Following this payment schedule, by the end of the loan term (which is short, usually 5 to 7 years), only a fraction of the principle has been paid off, and the remaining balance is due all at once. This is called a balloon payment.

There definitely are some pros and cons of balloon loans. The first benefit is they usually carry lower interest rates than longer-term loans, meaning borrowers won’t feel the full impact of high interest rates. Plus, you are only committing to a short-term loan. After the term ends, you’ll have an option to refinance, possibly at a lower rate.


Another positive is that you may qualify for a larger loan amount with a balloon finance package than you would with a traditional-style loan. Utilizing this type of loan can also free up your cash flow and cover finance gaps.


The biggest downfall of a balloon loan is of course the looming balloon payment which must be made all at once. There’s a chance borrowers may default on the loan if they can’t pay the remaining principle balance or can’t secure a better refinance rate at the time. Another challenge would be if you do refinance the loan but at a higher rate. Monthly payments are sure to increase with a traditional loan payment. In addition, with a balloon loan, you aren’t building much equity on any investments by the end of the initial term because the payments are focused on interest and not principle.


In all, balloon loans are often a good choice for when a project needs funds in the short term and brings in enough revenue to pay off a large lump sum of the remaining principle. A good example would be a near term acquisition: The borrower can bring in funding for the buyout while paying low monthly payments, then use the income from the sale of the completed sale to cover the balloon payment.


Tune in to The Funding University podcast, hosted by Seth Block, Executive Vice-President of ThermoCredit and founder of The Funding University. Focusing on a different funding-related topic every month, The Funding University podcast teaches companies how to leverage debt and equity by using easy-to-understand real world examples. You can tune in and listen to the most recent Funding University podcast at

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Smart Strategies for Working Capital Under Stress

July 20th, 2023

2 PM – 3 PM ET - $29.99!

Use code CAPITAL23 to attend for FREE!

(A $29.99 Savings)

Tune in for tips and strategies to determine how much working capital your business requires, how to measure working capital, and the best way to reveal shifts that might impact cash flow.


  • Strategies to manage working capital as interest rates are on the rise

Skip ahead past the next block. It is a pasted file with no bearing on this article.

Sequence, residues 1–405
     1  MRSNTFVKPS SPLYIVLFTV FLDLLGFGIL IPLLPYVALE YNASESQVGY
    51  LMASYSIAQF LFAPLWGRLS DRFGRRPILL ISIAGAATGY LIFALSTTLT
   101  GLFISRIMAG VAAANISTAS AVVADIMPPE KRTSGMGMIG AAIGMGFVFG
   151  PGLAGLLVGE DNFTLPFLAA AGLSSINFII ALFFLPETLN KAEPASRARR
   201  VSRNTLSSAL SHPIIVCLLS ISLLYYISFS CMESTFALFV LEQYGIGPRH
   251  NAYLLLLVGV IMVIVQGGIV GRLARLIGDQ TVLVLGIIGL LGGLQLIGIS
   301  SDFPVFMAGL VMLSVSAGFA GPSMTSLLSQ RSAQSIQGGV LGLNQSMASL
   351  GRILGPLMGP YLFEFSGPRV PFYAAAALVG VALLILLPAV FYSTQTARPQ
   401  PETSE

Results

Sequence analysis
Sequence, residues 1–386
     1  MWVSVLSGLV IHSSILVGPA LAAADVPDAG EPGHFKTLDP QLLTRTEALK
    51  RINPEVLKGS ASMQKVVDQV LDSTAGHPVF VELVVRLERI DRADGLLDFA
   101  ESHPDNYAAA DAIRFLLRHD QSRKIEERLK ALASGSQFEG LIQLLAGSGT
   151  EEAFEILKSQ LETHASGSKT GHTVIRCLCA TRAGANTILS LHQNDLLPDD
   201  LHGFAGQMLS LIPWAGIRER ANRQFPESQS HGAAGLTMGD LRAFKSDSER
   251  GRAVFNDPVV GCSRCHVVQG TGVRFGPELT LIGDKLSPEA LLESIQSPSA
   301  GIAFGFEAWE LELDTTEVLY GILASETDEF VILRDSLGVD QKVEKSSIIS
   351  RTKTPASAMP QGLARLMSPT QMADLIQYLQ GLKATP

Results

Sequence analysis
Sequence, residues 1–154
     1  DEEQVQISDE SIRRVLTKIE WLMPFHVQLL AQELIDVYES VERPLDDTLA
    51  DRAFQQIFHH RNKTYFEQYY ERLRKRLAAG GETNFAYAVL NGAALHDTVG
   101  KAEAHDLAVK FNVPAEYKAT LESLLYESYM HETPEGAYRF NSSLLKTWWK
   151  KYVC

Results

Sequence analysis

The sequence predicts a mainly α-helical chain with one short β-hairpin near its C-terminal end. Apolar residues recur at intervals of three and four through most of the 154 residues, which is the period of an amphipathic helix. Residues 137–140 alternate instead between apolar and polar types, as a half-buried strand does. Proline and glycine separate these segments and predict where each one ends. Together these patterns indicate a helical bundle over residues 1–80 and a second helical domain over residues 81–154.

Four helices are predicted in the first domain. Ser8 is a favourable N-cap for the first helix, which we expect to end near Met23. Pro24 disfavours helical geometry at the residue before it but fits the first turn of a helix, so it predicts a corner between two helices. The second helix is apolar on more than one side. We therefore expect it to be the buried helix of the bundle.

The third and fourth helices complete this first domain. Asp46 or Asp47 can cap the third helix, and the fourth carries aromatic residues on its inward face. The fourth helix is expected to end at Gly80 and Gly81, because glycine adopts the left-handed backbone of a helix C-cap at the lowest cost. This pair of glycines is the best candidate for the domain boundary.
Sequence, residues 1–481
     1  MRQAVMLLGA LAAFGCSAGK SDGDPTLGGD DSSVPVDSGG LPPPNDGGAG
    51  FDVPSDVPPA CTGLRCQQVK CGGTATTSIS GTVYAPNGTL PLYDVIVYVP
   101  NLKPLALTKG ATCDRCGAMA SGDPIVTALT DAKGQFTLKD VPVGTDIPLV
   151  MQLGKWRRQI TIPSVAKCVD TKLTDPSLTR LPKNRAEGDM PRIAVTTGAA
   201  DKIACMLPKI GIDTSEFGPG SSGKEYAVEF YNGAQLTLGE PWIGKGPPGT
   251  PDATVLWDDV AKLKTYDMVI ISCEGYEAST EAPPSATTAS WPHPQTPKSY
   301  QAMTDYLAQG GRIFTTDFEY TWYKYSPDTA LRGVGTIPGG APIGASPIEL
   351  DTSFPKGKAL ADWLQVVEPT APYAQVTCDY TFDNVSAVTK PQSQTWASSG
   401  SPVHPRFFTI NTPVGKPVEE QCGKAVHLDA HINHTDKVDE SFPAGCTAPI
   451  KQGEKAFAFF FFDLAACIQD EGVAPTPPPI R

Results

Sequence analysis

• Financing options as commercial lenders curtail new loans

  • Common errors in measuring working capital

  • How to keep your networking capital ratio in check

  • Tips to help meet your debt obligations, reduce debt service expenses, and take advantage of tax incentives

 About.  Seth Block CPA 

Seth Block is a founder and board member of ThermoCredit, LLC.  Seth has been working with the management and development of service based companies for more than 30 years. In his time with ThermoCredit, Seth has coordinated the funding for hundreds of companies in the Communications and Technology verticals. Prior to starting ThermoCredit,

Seth was a cofounder at Smoke Signal Communications,

one of the largest pre-paid competitive telecommunications carriers in the US. At Smoke Signal, Seth was CFO for two years and Senior Vice-President for 5 years. Seth’s areas of expertise are corporate development, consulting, regulatory affairs, provider relations, start-ups, and delivering funding solutions for hard to finance companies. Seth holds a degree in Accounting from Southwest Texas State University and is a licensed Certified Public Accountant.

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Seth is a well known and respected speaker at industry events, sharing insights about funding and funding options. During his career Seth has been involved in hundreds of business funding opportunities, with a total value in excess of one billion dollars. He is also the author of the soon to be published book about business finance.

“I’ve been in the world of finance for a while and I’ve acquired the business acumen to be able to share what I’ve learned. Most companies have financial leadership that understands accounting, but not the nuances of funding. There are significant differences between Banks and Credit Unions when it comes to financing.  The SBA has 11 different programs.  How do you know which one to utilize or even if you should utilize them?  Schools teach about debt and equity, but I created The Funding University to teach companies how to leverage debt and equity in the real world, using easy to understand methods.  There’s a big difference between what we learn in school and how the world of finance really works.  The Funding University is here to close that gap.”


 —Seth Block, Founder and Host of The Funding University